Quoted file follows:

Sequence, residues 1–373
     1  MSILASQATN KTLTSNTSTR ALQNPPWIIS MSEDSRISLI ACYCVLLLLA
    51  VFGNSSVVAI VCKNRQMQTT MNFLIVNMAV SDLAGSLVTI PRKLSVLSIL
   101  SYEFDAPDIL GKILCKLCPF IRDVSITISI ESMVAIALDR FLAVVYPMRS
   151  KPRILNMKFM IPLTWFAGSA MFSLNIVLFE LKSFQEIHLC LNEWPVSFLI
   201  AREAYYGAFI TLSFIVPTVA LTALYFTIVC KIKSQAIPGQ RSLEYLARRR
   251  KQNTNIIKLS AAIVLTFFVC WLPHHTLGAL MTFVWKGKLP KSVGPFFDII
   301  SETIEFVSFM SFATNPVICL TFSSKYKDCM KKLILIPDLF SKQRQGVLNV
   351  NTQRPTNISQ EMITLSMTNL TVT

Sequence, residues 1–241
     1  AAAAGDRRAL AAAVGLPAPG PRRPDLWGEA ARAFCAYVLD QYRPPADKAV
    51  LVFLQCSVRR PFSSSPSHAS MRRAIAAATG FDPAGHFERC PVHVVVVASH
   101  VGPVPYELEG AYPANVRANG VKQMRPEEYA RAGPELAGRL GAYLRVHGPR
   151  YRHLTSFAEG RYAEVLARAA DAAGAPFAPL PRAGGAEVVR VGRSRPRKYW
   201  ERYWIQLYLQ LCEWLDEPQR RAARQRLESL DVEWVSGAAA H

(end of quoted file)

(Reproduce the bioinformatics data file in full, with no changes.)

Sequence, residues 1–373
     1  MSILASQATN KTLTSNTSTR ALQNPPWIIS MSEDSRISLI ACYCVLLLLA
    51  VFGNSSVVAI VCKNRQMQTT MNFLIVNMAV SDLAGSLVTI PRKLSVLSIL
   101  SYEFDAPDIL GKILCKLCPF IRDVSITISI ESMVAIALDR FLAVVYPMRS
   151  KPRILNMKFM IPLTWFAGSA MFSLNIVLFE LKSFQEIHLC LNEWPVSFLI
   201  AREAYYGAFI TLSFIVPTVA LTALYFTIVC KIKSQAIPGQ RSLEYLARRR
   251  KQNTNIIKLS AAIVLTFFVC WLPHHTLGAL MTFVWKGKLP KSVGPFFDII
   301  SETIEFVSFM SFATNPVICL TFSSKYKDCM KKLILIPDLF SKQRQGVLNV
   351  NTQRPTNISQ EMITLSMTNL TVT

Sequence, residues 1–241
     1  AAAAGDRRAL AAAVGLPAPG PRRPDLWGEA ARAFCAYVLD QYRPPADKAV
    51  LVFLQCSVRR PFSSSPSHAS MRRAIAAATG FDPAGHFERC PVHVVVVASH
   101  VGPVPYELEG AYPANVRANG VKQMRPEEYA RAGPELAGRL GAYLRVHGPR
   151  YRHLTSFAEG RYAEVLARAA DAAGAPFAPL PRAGGAEVVR VGRSRPRKYW
   201  ERYWIQLYLQ LCEWLDEPQR RAARQRLESL DVEWVSGAAA H